• Check HaveIBeenPwned to see if your data was in the exposure, and continue your general vigilance about using strong, unique passwords, monitoring your financial statements, and giving out your Social Security number as infrequently as possible.
  • But also know that none of those measures provide a full solution to this society-scale problem.
  • The disjointed nature of the exposed data speaks to the chaotic state of the data industry overall.
  • People's personal information is shared by massive companies like Facebook, bought and sold by shady marketers, or stolen from data giants and doomed to circulate endlessly in the purgatory of criminal forums.
  • The churn makes it difficult for consumers to control who has their data and where it ends up.

*Source: Wired, March 07, 2019


Facebook Messenger Bug Let Other People See Who You’d Been Talking To*:

  • In November, researchers discovered a Facebook bug that allowed websites to extract data from users' profiles thanks to a security flaw relating to cross-site frame leakage (CSFL).
  • In a blog post, Imperva security researcher Ron Masas explains how a CSFL attack could exploit the properties of iFrame elements to determine the state of an application.
  • Running this process through individual Messenger contacts would yield one of two states, full or empty, indicating whether a user had ever communicated with that contact or not.
  • That's essentially the extent of the flaw.
  • It wasn't able to retrieve conversations or pull data from chat histories -- it simply produced binary data with very limited applications for nefarious individuals.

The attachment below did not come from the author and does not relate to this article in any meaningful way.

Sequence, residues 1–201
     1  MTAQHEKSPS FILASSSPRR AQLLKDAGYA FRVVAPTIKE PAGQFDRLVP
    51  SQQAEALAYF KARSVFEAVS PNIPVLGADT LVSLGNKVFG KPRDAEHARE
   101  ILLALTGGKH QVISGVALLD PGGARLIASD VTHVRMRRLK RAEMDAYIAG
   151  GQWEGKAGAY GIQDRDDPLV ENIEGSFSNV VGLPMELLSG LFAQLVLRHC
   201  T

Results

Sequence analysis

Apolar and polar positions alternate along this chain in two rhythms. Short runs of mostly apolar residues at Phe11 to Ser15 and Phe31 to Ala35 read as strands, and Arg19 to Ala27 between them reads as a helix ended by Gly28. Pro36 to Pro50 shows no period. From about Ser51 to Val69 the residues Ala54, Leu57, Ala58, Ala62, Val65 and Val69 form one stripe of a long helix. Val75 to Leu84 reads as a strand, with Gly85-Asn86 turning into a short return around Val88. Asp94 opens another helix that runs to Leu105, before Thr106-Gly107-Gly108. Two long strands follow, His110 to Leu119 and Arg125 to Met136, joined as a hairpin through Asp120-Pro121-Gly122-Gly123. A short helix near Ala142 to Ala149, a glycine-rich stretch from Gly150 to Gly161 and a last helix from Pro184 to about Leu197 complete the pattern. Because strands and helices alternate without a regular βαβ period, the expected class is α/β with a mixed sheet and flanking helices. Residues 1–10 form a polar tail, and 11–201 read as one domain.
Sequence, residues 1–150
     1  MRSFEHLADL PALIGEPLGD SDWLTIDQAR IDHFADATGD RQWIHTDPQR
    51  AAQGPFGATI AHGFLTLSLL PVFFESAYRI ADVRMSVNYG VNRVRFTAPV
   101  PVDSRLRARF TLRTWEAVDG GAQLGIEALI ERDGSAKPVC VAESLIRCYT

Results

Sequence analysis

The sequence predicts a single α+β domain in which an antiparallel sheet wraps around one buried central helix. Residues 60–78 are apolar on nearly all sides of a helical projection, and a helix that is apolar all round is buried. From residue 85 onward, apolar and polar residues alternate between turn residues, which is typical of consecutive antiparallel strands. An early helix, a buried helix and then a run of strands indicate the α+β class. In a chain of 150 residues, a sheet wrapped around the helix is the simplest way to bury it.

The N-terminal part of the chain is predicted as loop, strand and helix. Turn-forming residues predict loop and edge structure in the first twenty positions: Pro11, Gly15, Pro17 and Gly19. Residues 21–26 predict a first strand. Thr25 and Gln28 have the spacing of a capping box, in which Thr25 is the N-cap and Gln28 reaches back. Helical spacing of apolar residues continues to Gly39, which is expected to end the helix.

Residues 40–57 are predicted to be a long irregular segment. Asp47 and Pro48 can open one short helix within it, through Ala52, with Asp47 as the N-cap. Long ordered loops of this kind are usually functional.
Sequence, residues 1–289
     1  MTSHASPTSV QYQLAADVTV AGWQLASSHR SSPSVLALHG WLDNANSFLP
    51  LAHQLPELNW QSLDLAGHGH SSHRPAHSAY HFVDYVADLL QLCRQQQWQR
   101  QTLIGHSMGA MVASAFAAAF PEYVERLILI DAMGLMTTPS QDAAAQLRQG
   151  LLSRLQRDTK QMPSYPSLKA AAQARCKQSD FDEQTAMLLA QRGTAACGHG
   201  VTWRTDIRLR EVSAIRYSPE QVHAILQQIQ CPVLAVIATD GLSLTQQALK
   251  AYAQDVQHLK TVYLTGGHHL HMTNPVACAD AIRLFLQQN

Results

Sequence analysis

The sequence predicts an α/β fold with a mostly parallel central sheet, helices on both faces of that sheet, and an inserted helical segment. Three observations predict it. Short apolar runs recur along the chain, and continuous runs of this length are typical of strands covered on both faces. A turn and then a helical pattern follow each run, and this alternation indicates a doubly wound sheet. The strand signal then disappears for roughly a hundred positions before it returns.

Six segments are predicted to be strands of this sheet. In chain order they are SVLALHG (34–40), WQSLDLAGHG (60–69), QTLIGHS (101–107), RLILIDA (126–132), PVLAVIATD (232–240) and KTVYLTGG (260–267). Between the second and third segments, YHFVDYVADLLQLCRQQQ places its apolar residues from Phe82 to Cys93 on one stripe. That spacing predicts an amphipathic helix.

• Nonetheless, Masas made Facebook aware of the bug, and given its connection to the previous, more serious flaw, Facebook has since decided to remove all iFrames from the Messenger user face completely.

*Source: EnGadget, March 07, 2019


Top 7 Security And Risk Management Trends For 2019 - Gartner*:

  • Risk appetite statements are becoming linked to business outcomes
    • As IT strategies become more closely aligned with business goals, the ability for security and risk management (SRM) leaders to effectively present security matters to key business decision makers gains importance.
    • Create simple, practical and pragmatic risk appetite statements that are linked to business goals and relevant to board-level decisions.
  • Security operations centres are being implemented with a focus on threat detection and response
    • The shift in security investments from threat prevention to threat detection requires an investment in security operations centres (SOCs) as the complexity and frequency of security alerts grow.
    • The need for SRM leaders to build or outsource a SOC that integrates threat intelligence, consolidates security alerts and automates response cannot be overstated.
  • Data security governance frameworks will prioritise data security investments
    • Data security is a complex issue that cannot be solved without a strong understanding of the data itself, the context in which the data is created and used, and how it is subject to regulation.
    • Rather than acquiring data protection products and trying to adapt them to suit the business need, leading organisations are starting to address data security through a data security governance framework (DSGF).
  • Passwordless authentication is achieving market traction
    • Passwordless authentication, such as Touch ID on smartphones, is starting to achieve real market traction.
    • The technology is being increasingly deployed in enterprise applications for consumers and employees, as there is ample supply and demand for it.
  • Security product vendors are increasingly offering premium skills and training services